• RFLASH Salt Lake City, UT
    March 24, 2015 4:56 p.m.

    llew40, it hurts a little to read your comment. I relate, but in a different way. I am 50. I am gay and I have had a partner for over 15 years. However, I see the day coming when I probably will be alone. I grew up in a huge family, but time takes people in different directions and none of us are guaranteed anything. I wish I had a place like the church to have those spiritual connections that I once did, but I realize that I don't fit in there. I suffer from bi polar and the worst part of it is the loneliness. I just don't have a lot of friends.
    Maybe you feel some of the things that I do because your life hasn't went like you thought it should based on the beliefs given to us. We have to look outside the box. Whatever you do, don't give up on a relationship. They can be hard at first, but it is worth it. It takes courage, sometimes. It takes a lot of courage when we don't feel like we fit in. Your not alone.

  • OneHumanFamily Provo, UT
    March 24, 2015 4:03 p.m.


    I have a 46 year old family member that has never been married and I know it has been a struggle. Big hug. You are of worth!

  • greatbam22 andrews afb, MD
    March 24, 2015 2:32 p.m.


    I have experienced a good bit of isolation as well. Sometimes I choose it and sometimes it just happens.

    I have been in multiple wards where the home teachers rare if ever visit. I think this study helps to show how inspired visiting and home teaching is.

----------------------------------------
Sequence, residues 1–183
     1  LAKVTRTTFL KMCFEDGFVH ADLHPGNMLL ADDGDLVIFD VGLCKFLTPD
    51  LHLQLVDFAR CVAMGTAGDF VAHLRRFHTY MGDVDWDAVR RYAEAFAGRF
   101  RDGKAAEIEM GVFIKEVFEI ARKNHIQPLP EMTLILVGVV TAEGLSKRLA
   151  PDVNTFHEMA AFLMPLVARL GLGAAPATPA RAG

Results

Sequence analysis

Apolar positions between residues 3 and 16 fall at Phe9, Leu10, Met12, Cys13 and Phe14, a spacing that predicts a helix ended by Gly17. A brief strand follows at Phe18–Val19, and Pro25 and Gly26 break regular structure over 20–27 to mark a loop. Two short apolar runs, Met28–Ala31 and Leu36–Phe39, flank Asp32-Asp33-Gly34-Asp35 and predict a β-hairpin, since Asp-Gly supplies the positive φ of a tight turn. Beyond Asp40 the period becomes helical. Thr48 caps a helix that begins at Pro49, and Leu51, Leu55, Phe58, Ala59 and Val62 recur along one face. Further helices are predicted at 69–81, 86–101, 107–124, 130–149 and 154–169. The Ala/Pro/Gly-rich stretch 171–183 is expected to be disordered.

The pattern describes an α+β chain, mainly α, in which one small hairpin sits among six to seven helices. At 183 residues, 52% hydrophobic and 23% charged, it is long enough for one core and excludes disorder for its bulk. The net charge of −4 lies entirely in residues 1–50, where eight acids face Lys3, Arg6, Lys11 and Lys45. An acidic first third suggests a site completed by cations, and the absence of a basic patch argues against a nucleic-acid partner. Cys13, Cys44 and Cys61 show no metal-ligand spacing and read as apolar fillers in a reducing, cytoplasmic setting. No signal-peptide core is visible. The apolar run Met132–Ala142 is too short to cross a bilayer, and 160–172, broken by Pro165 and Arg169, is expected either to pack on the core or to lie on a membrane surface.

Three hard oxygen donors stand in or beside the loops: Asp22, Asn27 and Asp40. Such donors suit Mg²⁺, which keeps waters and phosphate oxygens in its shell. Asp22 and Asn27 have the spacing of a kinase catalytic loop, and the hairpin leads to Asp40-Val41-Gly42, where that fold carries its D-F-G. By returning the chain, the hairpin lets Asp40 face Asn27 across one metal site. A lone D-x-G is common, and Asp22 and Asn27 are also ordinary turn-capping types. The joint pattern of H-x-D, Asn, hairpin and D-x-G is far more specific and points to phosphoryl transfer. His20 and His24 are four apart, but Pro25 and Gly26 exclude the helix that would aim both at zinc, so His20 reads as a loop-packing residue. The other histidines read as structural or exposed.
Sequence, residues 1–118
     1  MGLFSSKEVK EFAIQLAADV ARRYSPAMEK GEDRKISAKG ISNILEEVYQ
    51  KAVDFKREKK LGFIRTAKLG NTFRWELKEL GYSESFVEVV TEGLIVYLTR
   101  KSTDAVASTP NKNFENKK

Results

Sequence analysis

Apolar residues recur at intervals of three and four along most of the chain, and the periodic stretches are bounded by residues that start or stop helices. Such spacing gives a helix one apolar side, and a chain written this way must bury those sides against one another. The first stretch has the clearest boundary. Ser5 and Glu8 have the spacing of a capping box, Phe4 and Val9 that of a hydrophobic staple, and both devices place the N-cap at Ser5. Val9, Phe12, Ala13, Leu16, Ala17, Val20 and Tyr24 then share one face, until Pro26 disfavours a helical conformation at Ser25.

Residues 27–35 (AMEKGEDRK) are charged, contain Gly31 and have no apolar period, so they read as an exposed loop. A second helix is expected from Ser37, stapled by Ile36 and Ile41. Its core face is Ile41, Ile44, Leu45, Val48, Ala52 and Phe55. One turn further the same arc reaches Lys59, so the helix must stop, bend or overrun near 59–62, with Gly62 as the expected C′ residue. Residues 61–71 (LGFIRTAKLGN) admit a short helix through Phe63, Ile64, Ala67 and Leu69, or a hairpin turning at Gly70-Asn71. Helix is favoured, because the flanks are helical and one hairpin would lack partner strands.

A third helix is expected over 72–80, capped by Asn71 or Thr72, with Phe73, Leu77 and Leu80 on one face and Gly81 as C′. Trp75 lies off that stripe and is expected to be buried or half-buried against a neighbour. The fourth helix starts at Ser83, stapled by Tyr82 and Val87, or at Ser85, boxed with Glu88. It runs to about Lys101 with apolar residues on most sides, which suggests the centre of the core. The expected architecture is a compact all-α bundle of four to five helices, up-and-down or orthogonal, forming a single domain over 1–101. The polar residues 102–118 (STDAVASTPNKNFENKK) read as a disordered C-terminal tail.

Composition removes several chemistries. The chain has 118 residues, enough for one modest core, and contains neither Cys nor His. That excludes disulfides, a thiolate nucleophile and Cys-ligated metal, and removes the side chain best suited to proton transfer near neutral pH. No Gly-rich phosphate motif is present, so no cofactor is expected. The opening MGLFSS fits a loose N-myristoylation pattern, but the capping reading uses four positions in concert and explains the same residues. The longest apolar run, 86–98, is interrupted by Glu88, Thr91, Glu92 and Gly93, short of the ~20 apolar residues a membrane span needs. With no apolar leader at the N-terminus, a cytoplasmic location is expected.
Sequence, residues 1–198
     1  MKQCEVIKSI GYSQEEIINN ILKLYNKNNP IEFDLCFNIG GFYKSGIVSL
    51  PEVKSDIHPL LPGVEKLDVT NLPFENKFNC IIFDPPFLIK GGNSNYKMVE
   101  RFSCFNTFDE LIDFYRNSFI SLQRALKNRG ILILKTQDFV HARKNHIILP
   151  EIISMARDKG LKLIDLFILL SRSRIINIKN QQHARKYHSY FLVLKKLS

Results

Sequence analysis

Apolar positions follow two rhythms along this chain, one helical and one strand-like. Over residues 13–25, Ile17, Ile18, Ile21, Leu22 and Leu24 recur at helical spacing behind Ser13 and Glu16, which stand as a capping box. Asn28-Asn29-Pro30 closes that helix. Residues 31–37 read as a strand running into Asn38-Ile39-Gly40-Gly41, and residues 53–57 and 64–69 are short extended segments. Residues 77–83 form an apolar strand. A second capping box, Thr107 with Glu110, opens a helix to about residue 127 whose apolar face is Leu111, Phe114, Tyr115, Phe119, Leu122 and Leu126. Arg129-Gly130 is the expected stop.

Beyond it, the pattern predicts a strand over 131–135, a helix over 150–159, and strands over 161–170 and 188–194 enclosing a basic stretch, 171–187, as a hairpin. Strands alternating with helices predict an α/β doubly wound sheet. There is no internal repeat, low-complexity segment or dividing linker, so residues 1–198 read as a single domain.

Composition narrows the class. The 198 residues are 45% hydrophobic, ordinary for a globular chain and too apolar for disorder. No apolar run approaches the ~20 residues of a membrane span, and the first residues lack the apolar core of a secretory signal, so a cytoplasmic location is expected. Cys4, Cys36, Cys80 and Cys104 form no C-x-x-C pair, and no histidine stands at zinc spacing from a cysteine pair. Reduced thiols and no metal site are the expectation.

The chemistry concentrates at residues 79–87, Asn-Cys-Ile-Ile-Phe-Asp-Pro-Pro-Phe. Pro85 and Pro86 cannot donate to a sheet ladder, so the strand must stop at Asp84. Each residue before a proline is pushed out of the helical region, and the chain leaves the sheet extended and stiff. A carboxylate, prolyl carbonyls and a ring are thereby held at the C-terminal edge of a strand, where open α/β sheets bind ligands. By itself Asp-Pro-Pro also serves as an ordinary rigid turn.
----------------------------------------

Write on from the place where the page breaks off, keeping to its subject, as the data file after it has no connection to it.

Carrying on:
It is not only important for the reasons mentioned in the article but others as well.

    Visiting and being around others often strengthen and uplifts yourself. It just helps you to know you aren't alone in this world.

  • Llew40 Sandy, UT
    March 14, 2015 11:15 a.m.

    I just took the loneliness quiz and scored in the Extreme Loneliness range. I'm only 40 years old. A single, never married woman who never had the opportunity to marry and create a family. One of the sacrifices of abstaining from cohabitation is living the lonely, celibate life in home of our own creation with no but ourselves to share the ups and downs of daily life with. It can get downright overwhelming at times. It doesn't help that so many of our peers are happily paired off with children of their own which makes us feel unintentionally shut out and excluded.
    This study needs to include people of all ages, not just the elderly.

  • Llew40 Sandy, UT
    March 14, 2015 11:06 a.m.

    It is not just the elderly who need to be included in this study. I'm a 40 year old woman who has never had the opportunity to marry and have a family. I just took the UCLA Loneliness quiz and answered "sometimes" and "often" to all ten questions. One of the sacrifices of abstaining from cohabitation when marriage isn't an option is living a lonely, celibate life. I've always been a shy and introverted person so my social circle is small. Living in family centered Utah where everyone is happily paired off by a certain age, I often wonder how many other mid-singles feel as shut out and excluded by others as I do. We realize it's not intentional but a common complaint from never-married Mormons is wondering where they belong and that no one in their family ward really knows what to do with them.
    Little wonder I scored in the extreme loneliness range.
    Luckily I have plans tonight to see a movie with my best girlfriends.
    If you are overwhelmed and feeling very isolated by loneliness, please reach out and talk to someone you trust like a close friend or family member.